Gnarly conditions challenge Brewhouse Triathlon participants
Choppy waters forced organizers to shorten the swim for racers on the long course, but cooler temperatures were ideal for the bike and run portions of the event.
ISLAND LAKE — Nick Ellis was still smiling when he crossed the finish line for the Brewhouse Triathlon on Sunday.
Ellis, 36, of Minneapolis, was exhausted after completing his first-ever triathlon, but was proud that he had battled through some conditions that challenged everyone on the course.
“That was the gnarliest thing I’ve ever done,” he said as he kissed his partner Megan Fredrickson and hugged his son Sullivan, 11 months.
Wind picked up overnight, cooling conditions but also turning the typically calm waters of Island Lake into rough waves that caused even the most experienced swimmers to veer off course.
“I prepared in a pool so this choppy water was crazy,” Ellis said. “But it was super fun and the weather was perfect.”
The water was so choppy early that a marker buoy was dragged off course and the waves forced organizers to shorten the long-race swim to the short-race distance in the interest of safety.
“Part of the problem is the sighting,” Elaine Nelson said. “When you try to look up to actually see where you are, you’re like, ‘I see a wave; where’s the buoy?’ Then you look again and you see somebody splashing. The sighting is a little trickier. In fact, I watched the short course and there were people just all over the place.”
Nelson, 43, of Duluth won the women’s long-course race in 2 hours, 1 minute, 11 seconds. Nelson forgot how many times she’s won the Brewhouse Triathlon, but said only one other race she’s ever done featured water as rough as that at Island Lake Sunday. At that race, not a Brewhouse Triathlon, she ended up using the breast stroke for much of the race.
Bettina Keppers, 39, of Duluth was the women’s winner on the short course in 1:10:23, nearly eight minutes ahead of the second place finisher, but the swim challenged her despite the fact that she is generally a strong swimmer.
“I was a swimmer in high school, however, this threw me off today,” Keppers said. “I ended up getting way off course and needed to be redirected a couple of times by the kayaks and actually had to stop and breaststroke a couple of times because I was swallowing water.”
Ben Bittner, 36, of Saginaw, who won the men’s race in 2:00:50, agreed the swim was tough, but the cooler temperature was a nice change from the past few days.
“The swim was, you know, you endure it and make it through,” Bittner said. “The bike was windy, but it didn’t cause me any problems. It’s just another thing to worry about. Then the run was great. I cramped up, but I was able to get through it. The temperature was great, though — great triathlon weather.”
Kris Nisula, 46, of Thunder Bay, Ontario, won the short course race, but said the wind became a challenge during the bike portion of the race, especially for riders with disc wheels. The cross winds made his bike less stable with the solid wheel — normally a tool to make bikes more aerodynamic — instead of spoked wheel.
Nisula’s winning time of 1:06:19 edged 2021 winner Mike Ward of Duluth by nearly a minute.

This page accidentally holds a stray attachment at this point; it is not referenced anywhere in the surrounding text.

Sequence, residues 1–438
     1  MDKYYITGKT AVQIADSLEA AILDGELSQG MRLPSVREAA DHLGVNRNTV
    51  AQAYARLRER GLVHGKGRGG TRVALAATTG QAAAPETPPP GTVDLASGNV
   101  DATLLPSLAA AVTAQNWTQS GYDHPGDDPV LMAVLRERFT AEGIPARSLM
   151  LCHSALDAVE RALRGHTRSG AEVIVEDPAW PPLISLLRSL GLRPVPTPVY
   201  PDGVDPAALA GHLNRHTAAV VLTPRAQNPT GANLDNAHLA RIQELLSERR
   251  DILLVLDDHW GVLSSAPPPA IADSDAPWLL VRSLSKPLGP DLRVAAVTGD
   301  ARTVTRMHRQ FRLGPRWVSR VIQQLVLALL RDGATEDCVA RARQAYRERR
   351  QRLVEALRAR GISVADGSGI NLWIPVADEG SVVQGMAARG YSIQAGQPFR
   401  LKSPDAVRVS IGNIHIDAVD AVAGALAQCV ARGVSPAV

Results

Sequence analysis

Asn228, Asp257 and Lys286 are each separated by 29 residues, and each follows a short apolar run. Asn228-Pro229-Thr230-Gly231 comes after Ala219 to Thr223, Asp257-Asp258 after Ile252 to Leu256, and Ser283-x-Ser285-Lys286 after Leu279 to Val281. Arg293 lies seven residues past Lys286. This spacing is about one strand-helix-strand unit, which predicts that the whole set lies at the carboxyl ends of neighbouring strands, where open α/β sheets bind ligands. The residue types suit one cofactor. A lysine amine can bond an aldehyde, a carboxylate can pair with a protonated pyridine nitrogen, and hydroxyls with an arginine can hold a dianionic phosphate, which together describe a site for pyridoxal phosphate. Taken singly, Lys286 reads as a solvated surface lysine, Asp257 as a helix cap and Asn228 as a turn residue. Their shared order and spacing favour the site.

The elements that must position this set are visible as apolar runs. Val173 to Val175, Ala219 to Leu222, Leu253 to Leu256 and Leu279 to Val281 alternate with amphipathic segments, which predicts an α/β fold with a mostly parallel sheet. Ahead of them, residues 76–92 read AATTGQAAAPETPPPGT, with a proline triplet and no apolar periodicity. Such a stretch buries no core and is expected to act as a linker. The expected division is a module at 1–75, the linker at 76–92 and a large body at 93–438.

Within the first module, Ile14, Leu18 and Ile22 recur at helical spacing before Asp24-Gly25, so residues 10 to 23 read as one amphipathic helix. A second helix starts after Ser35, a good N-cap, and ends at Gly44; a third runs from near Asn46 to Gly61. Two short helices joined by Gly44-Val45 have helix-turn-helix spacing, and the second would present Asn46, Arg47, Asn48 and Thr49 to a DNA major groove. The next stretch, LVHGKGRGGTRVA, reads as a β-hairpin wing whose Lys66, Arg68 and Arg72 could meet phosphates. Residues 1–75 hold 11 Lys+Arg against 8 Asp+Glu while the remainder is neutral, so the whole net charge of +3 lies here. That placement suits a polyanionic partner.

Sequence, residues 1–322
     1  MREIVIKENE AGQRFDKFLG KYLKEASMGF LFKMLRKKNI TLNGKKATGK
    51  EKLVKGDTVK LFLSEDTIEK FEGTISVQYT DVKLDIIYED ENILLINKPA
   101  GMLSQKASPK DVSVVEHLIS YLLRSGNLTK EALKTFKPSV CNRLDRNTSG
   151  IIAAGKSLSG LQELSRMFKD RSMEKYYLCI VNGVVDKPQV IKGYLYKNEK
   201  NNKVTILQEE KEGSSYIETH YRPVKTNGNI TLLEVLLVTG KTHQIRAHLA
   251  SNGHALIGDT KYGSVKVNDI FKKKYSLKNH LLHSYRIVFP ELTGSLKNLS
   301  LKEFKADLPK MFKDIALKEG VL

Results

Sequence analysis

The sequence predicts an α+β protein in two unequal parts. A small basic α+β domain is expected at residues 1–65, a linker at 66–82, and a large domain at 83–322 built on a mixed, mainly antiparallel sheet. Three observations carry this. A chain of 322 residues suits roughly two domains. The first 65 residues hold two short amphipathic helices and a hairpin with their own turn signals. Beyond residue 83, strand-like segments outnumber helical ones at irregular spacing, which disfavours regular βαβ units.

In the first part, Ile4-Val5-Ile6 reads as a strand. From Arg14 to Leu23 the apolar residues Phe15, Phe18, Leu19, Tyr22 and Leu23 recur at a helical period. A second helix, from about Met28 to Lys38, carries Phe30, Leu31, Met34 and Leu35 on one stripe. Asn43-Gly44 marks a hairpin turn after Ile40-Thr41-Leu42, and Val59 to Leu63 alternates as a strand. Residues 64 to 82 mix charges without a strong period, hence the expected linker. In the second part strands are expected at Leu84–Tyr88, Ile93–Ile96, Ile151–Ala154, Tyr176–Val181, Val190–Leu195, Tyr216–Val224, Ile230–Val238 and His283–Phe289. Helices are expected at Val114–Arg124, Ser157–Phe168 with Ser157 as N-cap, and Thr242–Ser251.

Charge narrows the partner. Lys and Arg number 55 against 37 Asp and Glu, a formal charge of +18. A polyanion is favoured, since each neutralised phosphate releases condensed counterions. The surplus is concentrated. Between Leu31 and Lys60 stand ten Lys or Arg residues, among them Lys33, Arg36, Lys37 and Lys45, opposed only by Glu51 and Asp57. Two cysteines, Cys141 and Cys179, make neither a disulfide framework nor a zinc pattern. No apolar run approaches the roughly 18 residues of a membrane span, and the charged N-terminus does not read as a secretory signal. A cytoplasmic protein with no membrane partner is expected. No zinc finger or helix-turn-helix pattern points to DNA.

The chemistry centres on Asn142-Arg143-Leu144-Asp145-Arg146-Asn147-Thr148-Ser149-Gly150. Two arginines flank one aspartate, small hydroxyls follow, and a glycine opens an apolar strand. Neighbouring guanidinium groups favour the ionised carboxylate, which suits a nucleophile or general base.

Even with the wind challenges on the bike course, Nisula used the ride to build an insurmountable lead.
“I came out of the water a little further back that I wanted to — my swim wasn’t great,” Nisula said. “I got into the lead just after the turnaround on the bike and the bike is my strong suit, so I really floored it all the way back. … I knew Mike Ward is a fast runner, so I had to get as much time on him on the bike as I could, because I knew he’d be coming.”
Rod Raymond, owner of the Fitger's Brewhouse Brewery and Grille in Duluth and a race organizer, said there were more rescues on the water than he recalled, but volunteers on kayaks and paddleboards safely brought everyone back to shore.
“It’s kind of a weird balance between exhilarating and this high level of nervousness or anxiety,” Raymond said. “For the swimmers that have experience, they couldn’t wait for this — what an adventure. For the swimmers that don’t have experience, it was ‘How do I drop out,’ or ‘How do we know what to do,’ so you have this real yin and yang of energies out there.”
Even though the conditions on the lake were tough, Nelson said Raymond and fellow organizer Matt Evans did a great job, particularly with people new to triathlons.
“Matt Evans and Rod Raymond just do a fantastic job with this,” Nelson said. “They’re just so good, especially with people that are just starting out. They’re very good about being like, ‘We just need everyone to be relaxed, stay cool, stay calm, stay focused. It can get a little scary out in the water when you’re just starting out and it’s like a washing machine.”
Men’s long course top five
1. Ben Bittner, 36, 2:00:50
2. Easton Syvertson, 23, 2:01:02
3. Todd Struckman, 51, 2:01:08
4. Richard Vanden Branden, 27, 2:02:38
5. Grant Nelson, 47, 2:04:15
Women’s long course top four
1. Elaine Nelson, 43, 2:01:11
2. Morgan Whyte, 25, 2:17:38
3. Lisa Filzen, 33, 2:17:53
4. Karen Nixon, 55, 2:23:34
Men’s short course top 5
1. Kris Nisula, 46, 1:06:19
2. Mike Ward, 33, 1:07:18
3. Ryan Saline, 48, 1:09:08
4. David Rubush, 38, 1:11:41
5. Denver Rogalla, 32, 1:12:39
Women’s short course top 5
1. Bettina Keppers, 39, 1:10:23
2. Helen Zenner, 18, 1:18:20
3. Morgan Bell, 20, 1:18:50
4. Macy Bell, 17, 1:20:46
5. Wendy Rauch, 54, 1:23:16